$y = Map-Array -inArray$x -functionName 'Black-Box'


Black-Box capitalizes all letters in the char array $x, anything else it just rolls back 32 spots on the ASCII table. However... -join$y
ABCDeF


Went a little overboard with my array index checking heh. Mainly because I like the fact that an index of -1 automatically points to the last element in the array in Powershell.

JS

(after a little editing, because first was second and second was first but now first is more... interesting)

Let me borrow the OP's code, however due to our company's naming policy we need to change the name:

Array.prototype.array_map = function (fn) {
var i   = this.length,
ret = new Array(i);
while (i--) { // decrements to 0 after evaluation
ret[i] = fn(this[i]);
}
return ret;
};

var a = [1,2,3].array_map(function(x){ return x+1 });
console.log(a);


[2, 3, 4, array_map: function]

What's this rubbish?

The problem lies with definition of properties on objects. Array is an object in JS (or should I say Object). While map property is defined (or undefined if your browser is very old), JS has no problems with overwriting it and while the value of it will change (from one function to the other) the properties of this property won't (map isn't enumerable). Creating another method on Array.prototype by default defines this property as enumerable and as such is "accessible" (or - displays) like any other value of the array. Adding call to defineProperty solves this problem:

var a = [1,2,3].array_map(function(x){ return x+1 }); console.log(a);
[2, 3, 4, array_map: function]
Object.defineProperty(Array.prototype, "array_map", {enumerable : false});
var b = [1,2,3].array_map(function(x){ return x+1 }); console.log(b);
[2, 3, 4]

I always felt that there should be map on objects (associative arrays for you non-JS folks). As there's no such method in JS this code golf gave me the opportunity to write one.

First, let's define method length, as there's no such method in JS on objects as well (sheesh, JS, c'mon):

Object.prototype.length = function() { var size = 0; for (var key in this) size++; return size; }

Now, let's do this!

Object.prototype.map = function (f) {
var r=this;
for (var i=0; i<this.length(); i++)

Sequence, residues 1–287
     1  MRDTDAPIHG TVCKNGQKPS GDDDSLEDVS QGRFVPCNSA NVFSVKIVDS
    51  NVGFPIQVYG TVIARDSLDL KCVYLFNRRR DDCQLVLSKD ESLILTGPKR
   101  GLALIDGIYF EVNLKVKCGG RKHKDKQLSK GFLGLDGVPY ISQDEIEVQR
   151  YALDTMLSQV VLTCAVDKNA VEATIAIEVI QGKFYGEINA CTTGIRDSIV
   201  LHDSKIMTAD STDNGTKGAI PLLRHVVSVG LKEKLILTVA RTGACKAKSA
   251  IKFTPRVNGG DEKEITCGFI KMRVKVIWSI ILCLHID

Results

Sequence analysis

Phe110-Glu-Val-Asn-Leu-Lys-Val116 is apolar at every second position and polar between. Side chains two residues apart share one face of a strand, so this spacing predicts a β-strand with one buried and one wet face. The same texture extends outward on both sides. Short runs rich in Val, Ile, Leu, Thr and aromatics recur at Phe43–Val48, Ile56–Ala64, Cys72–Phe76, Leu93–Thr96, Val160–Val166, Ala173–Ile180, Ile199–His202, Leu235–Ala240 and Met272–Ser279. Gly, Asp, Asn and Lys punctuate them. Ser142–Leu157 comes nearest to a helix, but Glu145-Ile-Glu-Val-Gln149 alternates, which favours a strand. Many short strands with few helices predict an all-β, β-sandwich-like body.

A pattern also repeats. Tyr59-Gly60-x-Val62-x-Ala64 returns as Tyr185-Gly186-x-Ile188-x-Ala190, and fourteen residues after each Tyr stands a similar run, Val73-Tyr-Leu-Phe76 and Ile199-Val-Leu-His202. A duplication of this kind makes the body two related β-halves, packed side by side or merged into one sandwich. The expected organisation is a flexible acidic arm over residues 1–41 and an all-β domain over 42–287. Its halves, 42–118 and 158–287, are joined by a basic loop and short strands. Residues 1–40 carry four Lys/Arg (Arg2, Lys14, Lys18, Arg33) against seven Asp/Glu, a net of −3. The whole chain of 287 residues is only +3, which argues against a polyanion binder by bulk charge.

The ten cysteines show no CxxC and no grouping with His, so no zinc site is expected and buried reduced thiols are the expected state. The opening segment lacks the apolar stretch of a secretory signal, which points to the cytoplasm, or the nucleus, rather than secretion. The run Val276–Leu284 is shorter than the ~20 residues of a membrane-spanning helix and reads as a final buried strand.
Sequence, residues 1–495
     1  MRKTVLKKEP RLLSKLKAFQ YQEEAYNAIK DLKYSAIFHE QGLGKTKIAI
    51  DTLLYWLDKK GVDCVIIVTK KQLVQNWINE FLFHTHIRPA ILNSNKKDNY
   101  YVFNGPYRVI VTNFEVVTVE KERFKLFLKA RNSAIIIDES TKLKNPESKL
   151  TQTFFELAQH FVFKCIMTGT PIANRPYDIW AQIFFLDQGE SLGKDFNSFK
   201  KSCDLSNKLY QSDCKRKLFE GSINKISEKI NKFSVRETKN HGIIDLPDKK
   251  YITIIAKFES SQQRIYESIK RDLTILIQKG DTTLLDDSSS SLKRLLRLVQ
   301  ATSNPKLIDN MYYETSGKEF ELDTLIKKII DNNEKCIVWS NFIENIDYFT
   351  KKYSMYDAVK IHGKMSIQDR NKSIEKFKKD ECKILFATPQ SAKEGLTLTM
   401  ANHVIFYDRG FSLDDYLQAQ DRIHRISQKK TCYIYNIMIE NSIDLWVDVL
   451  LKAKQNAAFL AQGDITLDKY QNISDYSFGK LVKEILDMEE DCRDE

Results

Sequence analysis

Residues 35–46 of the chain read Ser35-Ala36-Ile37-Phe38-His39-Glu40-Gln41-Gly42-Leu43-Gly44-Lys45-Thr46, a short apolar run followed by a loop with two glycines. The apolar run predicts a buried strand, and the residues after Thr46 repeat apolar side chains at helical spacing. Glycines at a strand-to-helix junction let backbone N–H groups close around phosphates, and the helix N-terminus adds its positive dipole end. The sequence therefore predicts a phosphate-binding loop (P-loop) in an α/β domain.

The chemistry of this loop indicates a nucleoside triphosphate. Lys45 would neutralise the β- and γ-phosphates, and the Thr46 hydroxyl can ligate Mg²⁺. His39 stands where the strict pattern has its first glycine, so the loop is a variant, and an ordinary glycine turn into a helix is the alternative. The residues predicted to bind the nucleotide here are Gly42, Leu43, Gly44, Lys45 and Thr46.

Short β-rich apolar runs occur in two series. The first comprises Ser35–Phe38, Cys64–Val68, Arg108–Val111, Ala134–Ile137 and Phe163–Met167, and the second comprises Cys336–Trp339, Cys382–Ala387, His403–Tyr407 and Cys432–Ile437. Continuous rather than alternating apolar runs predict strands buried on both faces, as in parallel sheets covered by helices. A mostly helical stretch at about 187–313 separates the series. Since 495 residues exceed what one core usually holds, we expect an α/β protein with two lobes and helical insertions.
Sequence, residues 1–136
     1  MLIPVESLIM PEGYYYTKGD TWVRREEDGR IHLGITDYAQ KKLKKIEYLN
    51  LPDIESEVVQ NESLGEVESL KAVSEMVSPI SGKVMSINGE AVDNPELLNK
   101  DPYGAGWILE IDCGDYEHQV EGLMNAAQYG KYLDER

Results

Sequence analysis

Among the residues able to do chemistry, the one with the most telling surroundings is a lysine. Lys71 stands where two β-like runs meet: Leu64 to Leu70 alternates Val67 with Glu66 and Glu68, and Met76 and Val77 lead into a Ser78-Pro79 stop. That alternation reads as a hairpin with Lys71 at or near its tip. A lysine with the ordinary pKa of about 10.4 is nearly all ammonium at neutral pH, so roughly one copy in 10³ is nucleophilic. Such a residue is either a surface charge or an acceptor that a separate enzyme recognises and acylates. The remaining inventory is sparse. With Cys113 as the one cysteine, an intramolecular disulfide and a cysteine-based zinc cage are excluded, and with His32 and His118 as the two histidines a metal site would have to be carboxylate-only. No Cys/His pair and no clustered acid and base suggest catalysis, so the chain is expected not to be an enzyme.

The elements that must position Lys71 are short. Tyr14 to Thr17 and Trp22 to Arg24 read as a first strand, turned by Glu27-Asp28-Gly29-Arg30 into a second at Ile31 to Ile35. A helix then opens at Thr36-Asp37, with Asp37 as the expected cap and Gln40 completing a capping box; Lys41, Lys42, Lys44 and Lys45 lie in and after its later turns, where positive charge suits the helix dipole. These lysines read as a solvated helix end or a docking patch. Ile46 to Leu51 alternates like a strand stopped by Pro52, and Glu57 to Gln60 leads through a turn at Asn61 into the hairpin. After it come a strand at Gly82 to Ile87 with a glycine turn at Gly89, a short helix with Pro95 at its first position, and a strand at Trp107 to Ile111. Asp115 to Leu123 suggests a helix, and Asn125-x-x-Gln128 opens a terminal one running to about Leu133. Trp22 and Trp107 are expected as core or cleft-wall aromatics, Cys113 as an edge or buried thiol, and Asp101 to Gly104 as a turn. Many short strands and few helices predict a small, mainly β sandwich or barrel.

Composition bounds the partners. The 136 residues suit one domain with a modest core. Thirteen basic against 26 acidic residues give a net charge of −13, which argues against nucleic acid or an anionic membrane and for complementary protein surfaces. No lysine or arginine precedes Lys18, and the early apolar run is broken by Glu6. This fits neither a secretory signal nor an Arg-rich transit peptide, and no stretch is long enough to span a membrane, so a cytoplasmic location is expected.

if (this[i])
r[i] = f(this[i]);
return r;
}


Seriously, I don't know why JS didn't have it before. Now, let's test it!

var a = {O: 1, 1: 2, 2: 3};
console.log(a, 1);
console.log(a.map(function(x){ return x+1 }), 2);

Object {1: 2, 2: 3, O: 1, length: function, map: function} 1
Object {1: 3, 2: 4, O: 1, length: function, map: function} 2


Perfect!

I hope this didn't give too much headache to any of you JS developers out there. This code is riddled with problems - creating methods on Object (big no no), implementation of length (object doesn't actually have length, as methods on given object are part of the object - you can see that in the output itself; you can count the property indexes but this is not the way to do it), but the offending problem is actually a malice on my part - actually the O in the a objects isn't 0. While we're creating r as a copy of object, by iterating through it via for loop we're assigning values to all numeric elements, but r[0] isn't there.

• The length method will never work in older IE, because the for-in loop. – Isiah Meadows Jul 16 '14 at 7:21
• Does it have to be cross-browser compliant? I'd say this code being an abomination that shouldn't have been brought to this word, it's another perk! – eithed Jul 16 '14 at 8:07
• Nope...even more underhandedness – Isiah Meadows Jul 16 '14 at 8:08
• Could have been worse... A for-in loop with arrays are easy to screw up. – Isiah Meadows Jul 16 '14 at 9:09

## Clojure

A simple, lazily evaluating map (basically a simplified version of Clojure's map).

(defn map' [f coll] (if (next coll) (lazy-seq (cons (f (first coll)) (map' f (rest coll))))))

(map' #(* % %) [0 1 2 3 4 5])
=> (0 1 4 9 16)


You would probably want to check if the collection is empty, without dropping one element from it. (next coll) returns nil if the collection has one element in it. Correct behaviour could be gained by using (seq coll).

# PHP

function map($arr,$func){
foreach($arr as &$x)
$x =$func($x);$result = array();
foreach($arr as$x)
$result[] =$x;
return $result; }  This one is obvious to those who know PHP. $x is still a reference to the last item after the first loop.

## Python

Um, since the question says "at least one":

ma = lambda m:[1]*len(m)


Slightly foolproofed:

def ma(p, f):
return [0] + ma(p[1:],f) if m[0]==1 else [1] * len(m)


I know, I know, bring on the downvotes. Here's another:

ma = lambda m,f:[f(x) for x in range(len(p))]
`